Since 2013, MUN has been working hard to provide for the changing demand of student wellness and health services across all their campuses. Though, in January of 2014, Veterans found themselves protesting across Canada to keep open veterans’ affairs offices.

The Muse sat down with veteran Shannon Lewis-Simpson, Lieutenant Commander. “Veterans aren’t just retired military personnel, they are anybody who’s ever put on a uniform and signed an allegiance to the queen to protect Canada. This includes RCMP, reservists, regular force, or rangers,” she said.

“There are a lot of people you wouldn’t expect [to be veterans]. We’re starting to extend that benefit to first responders, too.”

Lewis-Simpson says that supports on campus for veterans are specific to the individual. She doesn’t find that there is one single targeted support that she sees on campus for veterans. Though, the counselling centre is a great place to start finding supports in general.

“To be honest, we have no idea how many veterans are on campus. We might have a lot around. People have this idea of veteran as an 80-year old retired man, with a rack full of medals freezing on the war memorial, but anybody could be a veteran.”

“Unless people self-declare or we ask the question, we don’t know who is a veteran. Maybe that is the next step asking when people register ‘have you served or do you serve in the Canadian Armed Forces (CAF) or the RCMP?’”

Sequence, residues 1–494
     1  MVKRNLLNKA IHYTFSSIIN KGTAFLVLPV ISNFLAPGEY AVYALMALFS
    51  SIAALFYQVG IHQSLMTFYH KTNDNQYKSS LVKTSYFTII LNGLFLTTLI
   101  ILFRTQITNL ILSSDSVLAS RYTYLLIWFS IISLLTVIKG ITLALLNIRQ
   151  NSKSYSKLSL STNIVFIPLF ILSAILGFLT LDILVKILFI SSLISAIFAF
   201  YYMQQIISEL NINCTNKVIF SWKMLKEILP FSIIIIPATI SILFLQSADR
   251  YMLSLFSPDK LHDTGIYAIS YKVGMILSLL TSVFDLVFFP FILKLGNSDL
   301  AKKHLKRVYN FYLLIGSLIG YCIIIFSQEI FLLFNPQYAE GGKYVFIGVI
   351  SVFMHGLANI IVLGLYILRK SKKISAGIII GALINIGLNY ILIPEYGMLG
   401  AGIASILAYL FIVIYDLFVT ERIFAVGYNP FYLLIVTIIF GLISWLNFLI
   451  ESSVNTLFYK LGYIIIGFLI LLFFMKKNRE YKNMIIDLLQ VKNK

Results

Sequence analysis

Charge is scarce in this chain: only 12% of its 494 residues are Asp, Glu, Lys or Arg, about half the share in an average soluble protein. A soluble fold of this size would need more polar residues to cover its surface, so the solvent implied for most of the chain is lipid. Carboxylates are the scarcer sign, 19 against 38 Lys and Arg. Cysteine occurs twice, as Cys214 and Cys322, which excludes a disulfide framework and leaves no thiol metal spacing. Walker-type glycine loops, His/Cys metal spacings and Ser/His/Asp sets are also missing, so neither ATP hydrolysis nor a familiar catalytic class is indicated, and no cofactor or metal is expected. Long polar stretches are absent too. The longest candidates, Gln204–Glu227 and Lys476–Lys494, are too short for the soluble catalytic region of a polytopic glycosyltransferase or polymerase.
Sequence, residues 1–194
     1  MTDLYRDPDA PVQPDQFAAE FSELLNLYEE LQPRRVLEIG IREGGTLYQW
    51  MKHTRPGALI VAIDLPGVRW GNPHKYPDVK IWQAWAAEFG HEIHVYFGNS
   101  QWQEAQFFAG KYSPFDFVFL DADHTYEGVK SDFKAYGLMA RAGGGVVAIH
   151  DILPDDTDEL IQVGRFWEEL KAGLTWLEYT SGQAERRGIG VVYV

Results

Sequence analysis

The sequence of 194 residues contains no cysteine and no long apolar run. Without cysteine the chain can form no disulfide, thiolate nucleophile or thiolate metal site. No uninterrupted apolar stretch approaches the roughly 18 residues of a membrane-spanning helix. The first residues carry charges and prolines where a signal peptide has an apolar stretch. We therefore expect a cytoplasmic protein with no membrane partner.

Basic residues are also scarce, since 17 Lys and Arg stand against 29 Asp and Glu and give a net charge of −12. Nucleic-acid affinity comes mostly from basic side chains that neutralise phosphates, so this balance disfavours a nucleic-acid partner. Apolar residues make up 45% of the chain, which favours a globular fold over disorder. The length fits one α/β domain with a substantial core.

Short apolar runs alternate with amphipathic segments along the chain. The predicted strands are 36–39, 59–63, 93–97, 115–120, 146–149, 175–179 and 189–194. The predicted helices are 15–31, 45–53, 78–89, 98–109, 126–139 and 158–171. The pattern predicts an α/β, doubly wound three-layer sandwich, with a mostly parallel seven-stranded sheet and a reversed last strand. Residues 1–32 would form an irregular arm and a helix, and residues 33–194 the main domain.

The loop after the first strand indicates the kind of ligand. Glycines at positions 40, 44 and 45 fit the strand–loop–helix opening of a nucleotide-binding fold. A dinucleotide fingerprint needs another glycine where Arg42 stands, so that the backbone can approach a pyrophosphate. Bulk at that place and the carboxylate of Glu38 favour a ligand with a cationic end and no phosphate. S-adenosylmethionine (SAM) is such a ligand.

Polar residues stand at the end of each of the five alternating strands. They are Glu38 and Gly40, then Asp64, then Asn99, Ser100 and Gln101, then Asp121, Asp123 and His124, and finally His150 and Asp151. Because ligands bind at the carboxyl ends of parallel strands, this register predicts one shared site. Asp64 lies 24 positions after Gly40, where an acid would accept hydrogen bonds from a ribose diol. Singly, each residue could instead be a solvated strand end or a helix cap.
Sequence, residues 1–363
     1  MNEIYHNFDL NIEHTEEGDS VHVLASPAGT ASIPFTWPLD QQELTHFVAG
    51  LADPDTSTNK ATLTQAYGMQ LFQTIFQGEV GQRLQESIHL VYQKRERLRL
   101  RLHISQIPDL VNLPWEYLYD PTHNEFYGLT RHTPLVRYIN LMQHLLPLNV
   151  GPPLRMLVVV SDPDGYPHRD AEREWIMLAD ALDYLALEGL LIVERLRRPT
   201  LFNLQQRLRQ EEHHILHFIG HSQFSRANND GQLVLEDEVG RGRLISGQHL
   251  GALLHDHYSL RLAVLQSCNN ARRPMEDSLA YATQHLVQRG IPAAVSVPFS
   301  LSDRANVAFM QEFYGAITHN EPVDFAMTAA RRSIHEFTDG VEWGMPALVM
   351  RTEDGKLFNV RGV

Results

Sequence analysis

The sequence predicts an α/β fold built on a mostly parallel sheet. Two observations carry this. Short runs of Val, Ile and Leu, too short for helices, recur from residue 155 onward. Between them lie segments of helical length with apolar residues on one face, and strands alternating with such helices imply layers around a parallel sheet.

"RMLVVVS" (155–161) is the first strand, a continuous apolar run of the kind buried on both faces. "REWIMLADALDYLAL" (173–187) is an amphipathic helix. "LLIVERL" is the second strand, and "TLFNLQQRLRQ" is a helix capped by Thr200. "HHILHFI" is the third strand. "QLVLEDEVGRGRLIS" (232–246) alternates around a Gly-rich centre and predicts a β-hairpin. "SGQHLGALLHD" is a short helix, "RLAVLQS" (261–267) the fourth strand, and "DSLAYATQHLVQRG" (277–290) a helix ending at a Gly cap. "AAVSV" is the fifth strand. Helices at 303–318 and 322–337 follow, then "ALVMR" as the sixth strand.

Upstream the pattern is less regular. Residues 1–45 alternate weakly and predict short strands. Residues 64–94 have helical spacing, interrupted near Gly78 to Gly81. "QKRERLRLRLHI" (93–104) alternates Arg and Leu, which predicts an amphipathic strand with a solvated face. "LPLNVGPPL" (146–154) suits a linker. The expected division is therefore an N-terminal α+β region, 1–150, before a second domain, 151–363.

Lewis-Simpson said, “A lot of people, especially in the Navy, take advantage of distance courses and take courses online.”

While specific veteran’s services are not yet available on MUN’s St. John’s Campus, Lewis-Simpson, said “I am happy to sit and talk to anyone in my joint roles as CFLC Liaison Officer and Student Life personnel about their experiences on campus.”

In an interview with the Muse, the Minister for National Defense, Harjit Sajjan, said that veterans have particular issues with finding the transferrable skills from their previous jobs with the Canadian Armed Forces to returning to civilian life. Though, while it may be difficult to find the similarities, Sajjan says that veterans are taught how to plan, assess, and lead.

Sajjan said, “When you put it all together there’s a tremendous amount of experiences that they [veterans] end up finding and translate into civilian language.”

Sajjan said each individual veteran has very different needs when considering accommodations for veterans at post-secondary institutions. Sajjan says that he and the Minister of Veterans Affairs, Kent Hehr are working on making sure that each individual veteran receives the individualized care that they need to make transitions to post-secondary and civilian life as easy as possible.

Sajjan suggests that the most recent policy that he and Hehr are working on is a policy pertaining to the transition between military and civilian life. While he said that he was unable to tell more, he did highlight that post-secondary education was a key component. Though, he said that it was not just limited to university or college.